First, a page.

Seven nights out from the last phase of breast reconstruction surgery, propped up on two pillows to protect my new nips, I had an odd dream. My sister Anne and I were shopping for clothes in a tiny boutique where we had to share a dressing room. As I reached for a beautiful blouse to try on it hit me. I had my old boobs. Yes, the big, unruly triple D’s were back. To make matters worse I had on NO BRA. It used to be I did not even walk around my bedroom without a bra, let alone go out in public without a mile of underwire, hooks and heavy-duty strappage.

2008. Left to right – my niece Emily, me, Anne, Mom. Seated, my other niece Katherine holding her new baby.

Like most dreams, the embarrassing scene floated away without any resolution or meaningful conclusion. While I’m still working on adjusting to the new version of me, I don’t miss those old cancerish troublemaking honkers. Spaghetti straps, camisoles and other skimpy things I could never wear will be in my future.

I am certain my sister floated into that dream because tomorrow it will be her turn for bilateral mastectomy with DIEP flap reconstruction. While I am at the doctor’s office getting the bolster dressings removed, she will be on the table. I ask that you send good karma her way and hope she is spared the complications I experienced. Send some good karma for my Mom too. Two daughters going through this ordeal this year has been difficult for her as well.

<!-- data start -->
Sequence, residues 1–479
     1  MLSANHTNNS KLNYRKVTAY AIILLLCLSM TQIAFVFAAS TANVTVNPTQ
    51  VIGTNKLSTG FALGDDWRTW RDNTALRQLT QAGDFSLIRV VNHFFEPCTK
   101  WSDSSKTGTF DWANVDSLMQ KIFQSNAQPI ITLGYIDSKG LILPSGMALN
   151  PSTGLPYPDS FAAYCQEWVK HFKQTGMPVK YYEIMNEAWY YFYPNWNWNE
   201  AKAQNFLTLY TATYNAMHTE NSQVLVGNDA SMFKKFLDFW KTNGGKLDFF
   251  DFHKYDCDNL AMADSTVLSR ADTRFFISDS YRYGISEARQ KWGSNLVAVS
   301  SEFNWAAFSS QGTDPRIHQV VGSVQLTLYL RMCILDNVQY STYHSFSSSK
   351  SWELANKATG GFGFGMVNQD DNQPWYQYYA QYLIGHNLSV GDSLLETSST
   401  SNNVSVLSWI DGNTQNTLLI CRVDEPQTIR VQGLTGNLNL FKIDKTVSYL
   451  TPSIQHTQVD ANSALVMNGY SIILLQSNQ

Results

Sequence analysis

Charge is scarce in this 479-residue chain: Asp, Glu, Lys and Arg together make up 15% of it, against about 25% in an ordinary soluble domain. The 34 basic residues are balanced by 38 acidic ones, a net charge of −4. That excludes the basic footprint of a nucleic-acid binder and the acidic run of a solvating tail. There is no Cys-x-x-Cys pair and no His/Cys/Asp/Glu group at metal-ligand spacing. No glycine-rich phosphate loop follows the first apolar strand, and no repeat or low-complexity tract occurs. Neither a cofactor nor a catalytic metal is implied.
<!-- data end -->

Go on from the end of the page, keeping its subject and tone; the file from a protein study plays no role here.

My Dad fathered three girls and a boy. His daughter from his first marriage has recurrent ovarian cancer. I had breast cancer at age 36. My sister Anne is the only girl in our generation who can claim the word previvor as her own. What does it mean to be a previvor?  To me it means managing the choices of being at insanely high risk of breast and ovarian cancer. These choices include increased monitoring, chemoprevention or prophylactic surgeries. Make no mistake, all of these choices are difficult and none provide a true fix for the genetic defect.